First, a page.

Objectives: To assess the accuracy of the National Drug Strategy Household Survey (NDSHS) at capturing trends in alcohol consumption at the population level, using apparent per capita alcohol consumption as a benchmark. Methods: Data was from five waves of the NDSHS (2001-2013), with estimates of per capita alcohol consumption derived from the detailed graduated frequency alcohol questions. Trends are compared with per capita measures, and trends in both series compared. Further analyses explore whether recent trends in consumption are consistent across age groups. Results: The NDSHS survey estimates still track apparent consumption well, which increases between 2001 and 2007 and then declines to 2013. Since 2007, survey estimates show a 10.5% decline in per capita alcohol consumption, compared with 8.9% in ABS data. Two-thirds of the decline came from reductions in drinking among respondents under 30. Conclusions: NDSHS data provide reasonably accurate estimates of trends in Australian population alcohol consumption. Survey data are critical to understanding the composition of overarching trends, with these analyses demonstrating substantial variation by age. Implications: Survey data are a crucial tool in monitoring Australian alcohol consumption, despite their inherent limitations.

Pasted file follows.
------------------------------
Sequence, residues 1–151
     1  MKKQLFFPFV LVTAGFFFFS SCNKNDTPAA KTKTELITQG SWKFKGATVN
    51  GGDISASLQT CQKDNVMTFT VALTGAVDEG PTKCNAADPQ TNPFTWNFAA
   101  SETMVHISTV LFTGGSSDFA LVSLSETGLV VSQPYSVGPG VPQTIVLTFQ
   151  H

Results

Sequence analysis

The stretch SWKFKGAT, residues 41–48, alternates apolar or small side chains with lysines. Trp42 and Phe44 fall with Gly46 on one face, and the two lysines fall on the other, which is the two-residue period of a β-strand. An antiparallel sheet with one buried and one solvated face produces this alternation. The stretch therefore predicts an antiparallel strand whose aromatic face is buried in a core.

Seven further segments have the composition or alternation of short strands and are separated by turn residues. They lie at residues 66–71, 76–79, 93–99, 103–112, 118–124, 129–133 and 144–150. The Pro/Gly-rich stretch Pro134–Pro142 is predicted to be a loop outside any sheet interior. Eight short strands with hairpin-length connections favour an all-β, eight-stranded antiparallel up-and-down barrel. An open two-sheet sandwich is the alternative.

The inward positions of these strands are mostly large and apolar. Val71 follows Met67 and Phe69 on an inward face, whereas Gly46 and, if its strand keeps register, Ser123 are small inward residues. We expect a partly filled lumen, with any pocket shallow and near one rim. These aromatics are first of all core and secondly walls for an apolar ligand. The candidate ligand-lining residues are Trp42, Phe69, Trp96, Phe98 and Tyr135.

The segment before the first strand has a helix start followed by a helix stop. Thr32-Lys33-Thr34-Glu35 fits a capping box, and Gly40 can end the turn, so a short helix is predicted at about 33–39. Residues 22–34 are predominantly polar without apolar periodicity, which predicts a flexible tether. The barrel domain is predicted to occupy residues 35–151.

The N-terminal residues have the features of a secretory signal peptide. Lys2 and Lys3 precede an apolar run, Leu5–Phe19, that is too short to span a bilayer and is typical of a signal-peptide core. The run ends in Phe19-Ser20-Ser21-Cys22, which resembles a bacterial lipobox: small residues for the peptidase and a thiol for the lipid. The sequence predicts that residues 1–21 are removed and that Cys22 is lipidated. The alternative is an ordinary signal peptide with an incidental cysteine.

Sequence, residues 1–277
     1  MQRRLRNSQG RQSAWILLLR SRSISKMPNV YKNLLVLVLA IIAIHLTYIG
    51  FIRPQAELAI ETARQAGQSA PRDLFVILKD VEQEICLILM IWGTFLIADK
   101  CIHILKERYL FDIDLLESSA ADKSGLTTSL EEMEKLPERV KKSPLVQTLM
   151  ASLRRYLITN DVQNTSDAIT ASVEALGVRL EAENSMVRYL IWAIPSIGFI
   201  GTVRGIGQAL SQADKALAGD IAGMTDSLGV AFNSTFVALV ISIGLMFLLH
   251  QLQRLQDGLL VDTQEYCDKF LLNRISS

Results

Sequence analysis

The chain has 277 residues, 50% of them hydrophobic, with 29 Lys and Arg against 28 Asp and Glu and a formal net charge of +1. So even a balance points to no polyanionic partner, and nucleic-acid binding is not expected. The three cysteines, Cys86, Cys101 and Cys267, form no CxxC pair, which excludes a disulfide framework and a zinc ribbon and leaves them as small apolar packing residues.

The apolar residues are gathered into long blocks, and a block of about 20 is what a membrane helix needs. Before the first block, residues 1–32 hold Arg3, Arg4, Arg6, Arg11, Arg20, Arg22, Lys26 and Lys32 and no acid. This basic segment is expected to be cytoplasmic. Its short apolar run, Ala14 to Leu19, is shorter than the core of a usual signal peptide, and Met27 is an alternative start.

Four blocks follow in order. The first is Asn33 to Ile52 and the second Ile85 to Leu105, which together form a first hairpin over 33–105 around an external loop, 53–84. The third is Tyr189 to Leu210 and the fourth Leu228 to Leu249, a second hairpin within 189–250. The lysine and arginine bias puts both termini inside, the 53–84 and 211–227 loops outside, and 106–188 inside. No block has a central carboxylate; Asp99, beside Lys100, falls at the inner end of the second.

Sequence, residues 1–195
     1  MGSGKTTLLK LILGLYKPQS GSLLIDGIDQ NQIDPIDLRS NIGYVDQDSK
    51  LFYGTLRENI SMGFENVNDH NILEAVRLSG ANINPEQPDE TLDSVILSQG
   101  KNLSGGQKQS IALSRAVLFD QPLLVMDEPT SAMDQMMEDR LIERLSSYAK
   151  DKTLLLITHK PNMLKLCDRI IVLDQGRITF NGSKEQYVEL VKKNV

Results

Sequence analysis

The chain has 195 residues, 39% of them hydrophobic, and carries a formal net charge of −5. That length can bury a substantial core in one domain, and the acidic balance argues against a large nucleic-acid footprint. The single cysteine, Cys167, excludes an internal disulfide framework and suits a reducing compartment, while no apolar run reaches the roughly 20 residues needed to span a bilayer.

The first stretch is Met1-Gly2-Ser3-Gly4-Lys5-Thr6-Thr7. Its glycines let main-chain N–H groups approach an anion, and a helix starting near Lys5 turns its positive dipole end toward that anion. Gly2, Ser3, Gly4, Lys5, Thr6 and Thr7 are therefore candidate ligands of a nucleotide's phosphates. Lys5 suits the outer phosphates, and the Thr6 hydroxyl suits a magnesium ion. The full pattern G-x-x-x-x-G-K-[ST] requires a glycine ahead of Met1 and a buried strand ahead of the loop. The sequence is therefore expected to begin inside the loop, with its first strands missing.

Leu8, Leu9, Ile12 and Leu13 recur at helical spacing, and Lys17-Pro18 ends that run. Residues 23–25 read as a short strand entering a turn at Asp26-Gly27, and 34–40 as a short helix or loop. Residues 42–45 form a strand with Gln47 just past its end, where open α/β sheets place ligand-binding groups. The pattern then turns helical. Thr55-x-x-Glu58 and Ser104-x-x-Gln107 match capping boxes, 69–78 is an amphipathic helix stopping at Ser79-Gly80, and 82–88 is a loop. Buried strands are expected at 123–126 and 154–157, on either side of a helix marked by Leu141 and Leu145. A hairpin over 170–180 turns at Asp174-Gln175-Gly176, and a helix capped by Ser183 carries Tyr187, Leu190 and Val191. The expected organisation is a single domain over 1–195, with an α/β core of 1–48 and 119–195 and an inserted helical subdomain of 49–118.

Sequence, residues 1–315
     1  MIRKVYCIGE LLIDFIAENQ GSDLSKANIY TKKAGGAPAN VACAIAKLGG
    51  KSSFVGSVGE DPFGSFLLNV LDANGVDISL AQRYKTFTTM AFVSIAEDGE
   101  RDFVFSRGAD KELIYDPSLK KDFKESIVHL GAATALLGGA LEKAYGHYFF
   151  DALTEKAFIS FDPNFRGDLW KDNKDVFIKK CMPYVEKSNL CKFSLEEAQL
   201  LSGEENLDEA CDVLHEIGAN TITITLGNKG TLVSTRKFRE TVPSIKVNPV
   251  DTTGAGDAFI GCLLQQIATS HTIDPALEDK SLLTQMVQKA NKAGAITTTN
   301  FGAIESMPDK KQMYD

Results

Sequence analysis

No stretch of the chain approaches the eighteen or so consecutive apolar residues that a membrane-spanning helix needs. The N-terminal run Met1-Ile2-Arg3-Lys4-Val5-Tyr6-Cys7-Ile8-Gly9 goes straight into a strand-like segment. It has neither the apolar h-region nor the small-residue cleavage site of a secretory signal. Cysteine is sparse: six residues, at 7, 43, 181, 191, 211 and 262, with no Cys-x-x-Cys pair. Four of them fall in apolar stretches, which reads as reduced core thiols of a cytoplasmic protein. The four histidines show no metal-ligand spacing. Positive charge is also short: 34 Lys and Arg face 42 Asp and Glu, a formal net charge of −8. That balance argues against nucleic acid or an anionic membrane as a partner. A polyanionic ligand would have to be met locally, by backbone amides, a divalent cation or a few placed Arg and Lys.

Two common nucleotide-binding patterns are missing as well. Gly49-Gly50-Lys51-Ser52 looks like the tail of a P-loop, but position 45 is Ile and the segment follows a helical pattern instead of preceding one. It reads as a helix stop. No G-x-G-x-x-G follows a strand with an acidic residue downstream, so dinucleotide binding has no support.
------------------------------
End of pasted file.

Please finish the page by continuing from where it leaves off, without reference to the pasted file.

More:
|Number of pages||3|
|Journal||Australian and New Zealand Journal of Public Health|
|Publication status||Published - Jun 2016|